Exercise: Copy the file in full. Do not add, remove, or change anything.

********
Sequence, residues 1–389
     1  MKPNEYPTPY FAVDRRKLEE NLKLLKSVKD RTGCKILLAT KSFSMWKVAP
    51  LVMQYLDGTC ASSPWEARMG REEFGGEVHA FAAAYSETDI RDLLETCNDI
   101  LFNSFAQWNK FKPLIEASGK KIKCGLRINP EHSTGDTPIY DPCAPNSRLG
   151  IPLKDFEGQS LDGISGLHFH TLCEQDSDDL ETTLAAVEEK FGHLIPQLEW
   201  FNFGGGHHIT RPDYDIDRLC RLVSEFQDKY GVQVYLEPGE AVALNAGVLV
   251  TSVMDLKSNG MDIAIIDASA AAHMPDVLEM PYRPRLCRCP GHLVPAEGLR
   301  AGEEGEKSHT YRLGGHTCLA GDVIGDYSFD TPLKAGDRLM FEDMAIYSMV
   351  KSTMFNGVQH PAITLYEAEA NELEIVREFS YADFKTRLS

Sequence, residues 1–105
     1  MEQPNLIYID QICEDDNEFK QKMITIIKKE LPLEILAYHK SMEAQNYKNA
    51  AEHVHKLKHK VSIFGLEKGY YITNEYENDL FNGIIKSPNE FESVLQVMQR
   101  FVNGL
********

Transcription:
Sequence, residues 1–389
     1  MKPNEYPTPY FAVDRRKLEE NLKLLKSVKD RTGCKILLAT KSFSMWKVAP
    51  LVMQYLDGTC ASSPWEARMG REEFGGEVHA FAAAYSETDI RDLLETCNDI
   101  LFNSFAQWNK FKPLIEASGK KIKCGLRINP EHSTGDTPIY DPCAPNSRLG
   151  IPLKDFEGQS LDGISGLHFH TLCEQDSDDL ETTLAAVEEK FGHLIPQLEW
   201  FNFGGGHHIT RPDYDIDRLC RLVSEFQDKY GVQVYLEPGE AVALNAGVLV
   251  TSVMDLKSNG MDIAIIDASA AAHMPDVLEM PYRPRLCRCP GHLVPAEGLR
   301  AGEEGEKSHT YRLGGHTCLA GDVIGDYSFD TPLKAGDRLM FEDMAIYSMV
   351  KSTMFNGVQH PAITLYEAEA NELEIVREFS YADFKTRLS

Sequence, residues 1–105
     1  MEQPNLIYID QICEDDNEFK QKMITIIKKE LPLEILAYHK SMEAQNYKNA
    51  AEHVHKLKHK VSIFGLEKGY YITNEYENDL FNGIIKSPNE FESVLQVMQR
   101  FVNGL